Prototype ‘gold box’ cochlear implant

Made by University of Melbourne in Melbourne, Victoria, Australia, 1979.

This object, together with the prototype wearable speech processor, documents a critical step in the development of Australian research that has had continued impact around the world. This research, led by Dr Graeme Clark in the 1970s, formed the basis of Cochlear Ltd, an Australian company which became an international leader in the manufacture and sale of cochlear implant systems. By 2010 over 200 000 people in more than 100 countries had received the implant, which enables profoundly deaf peo...

Summary

2011/10/1
Prototype 'gold box' cochlear implant or bionic ear, mixed materials, designed and made at the University of Melbourne Department of Ear, Nose and Throat Surgery, Melbourne, Victoria, Australia, 1979

Comprises a gold-coated stainless steel box containing electrical components (a sandwich of three razor thin sub-strata with silicon chips and thousands of transistors). Visible on top of the box is a red enamel-coated copper coil that forms the receiver. This has a carbon base back plate behind it. The package is coated in clear silicone, an electrode protrudes from the box and contains twenty electrodes of which ten were active. The reverse of the device is coated in white silicone incorporating a layer of Dacron mesh which was designed to help bind the device to the body and keep it in place inside the patient.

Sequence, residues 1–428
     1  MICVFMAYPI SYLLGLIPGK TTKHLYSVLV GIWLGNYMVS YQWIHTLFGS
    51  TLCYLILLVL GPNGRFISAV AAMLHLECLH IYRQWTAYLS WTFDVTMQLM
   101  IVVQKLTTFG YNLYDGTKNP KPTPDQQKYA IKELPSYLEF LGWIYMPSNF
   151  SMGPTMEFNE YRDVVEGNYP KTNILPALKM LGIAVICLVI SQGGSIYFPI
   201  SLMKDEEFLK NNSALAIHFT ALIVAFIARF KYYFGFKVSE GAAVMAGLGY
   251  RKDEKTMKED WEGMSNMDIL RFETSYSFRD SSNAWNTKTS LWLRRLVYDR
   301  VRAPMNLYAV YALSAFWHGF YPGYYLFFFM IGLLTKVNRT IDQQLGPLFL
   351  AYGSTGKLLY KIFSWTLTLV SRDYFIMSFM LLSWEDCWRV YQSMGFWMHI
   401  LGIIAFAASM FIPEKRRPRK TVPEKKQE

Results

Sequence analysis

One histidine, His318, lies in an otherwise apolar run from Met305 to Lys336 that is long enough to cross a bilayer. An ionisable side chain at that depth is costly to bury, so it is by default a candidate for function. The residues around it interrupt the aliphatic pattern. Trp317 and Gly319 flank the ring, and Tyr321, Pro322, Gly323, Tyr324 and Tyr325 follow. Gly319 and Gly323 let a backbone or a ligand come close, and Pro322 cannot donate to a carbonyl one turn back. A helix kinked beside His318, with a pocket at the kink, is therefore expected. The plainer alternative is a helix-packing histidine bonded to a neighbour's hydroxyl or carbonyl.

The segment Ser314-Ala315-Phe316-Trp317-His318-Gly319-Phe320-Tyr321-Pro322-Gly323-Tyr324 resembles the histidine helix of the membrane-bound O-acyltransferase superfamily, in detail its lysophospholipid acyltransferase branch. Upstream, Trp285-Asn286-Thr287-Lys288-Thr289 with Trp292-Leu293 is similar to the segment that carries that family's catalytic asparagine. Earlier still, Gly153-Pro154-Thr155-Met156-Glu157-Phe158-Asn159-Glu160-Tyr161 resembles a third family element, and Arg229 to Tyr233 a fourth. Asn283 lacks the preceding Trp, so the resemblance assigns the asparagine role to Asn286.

Dimensions

75 mm
32 mm
10 mm

Production

This is the second version of the 'gold box' prototype multichannel cochlear implant, or receiver-stimulator, designed and made at the University of Melbourne Department of Ear, Nose and Throat Surgery, Melbourne, VIC, Australia, in 1979. Design and manufacture of this 'gold box' was undertaken by a group of people including Dr David Dewhurst and Ian Forster from the University's Department of Electrical Engineering and Jim Patrick from the Department of Ear, Nose and Throat Surgery.

This type of implant was developed for implantation in the second test patient George Watson on 13 July 1979. It does not have the 'connector' that featured on the first prototype implanted in Rod Saunders on 1 August 1978.
University of Melbourne 1979

Source

Gift of Professor Graeme Clark and the University of Melbourne, 2011
28 February, 2011

Cite this Object

Prototype 'gold box' cochlear implant 2016, Museum of Applied Arts & Sciences, accessed 22 September 2017, <https://ma.as/414317>
{{cite web |url=https://ma.as/414317 |title=Prototype 'gold box' cochlear implant |author=Museum of Applied Arts & Sciences |access-date=22 September 2017 |publisher=Museum of Applied Arts & Sciences, Australia}}
This object is currently on display in Experimentations at the Powerhouse Museum.
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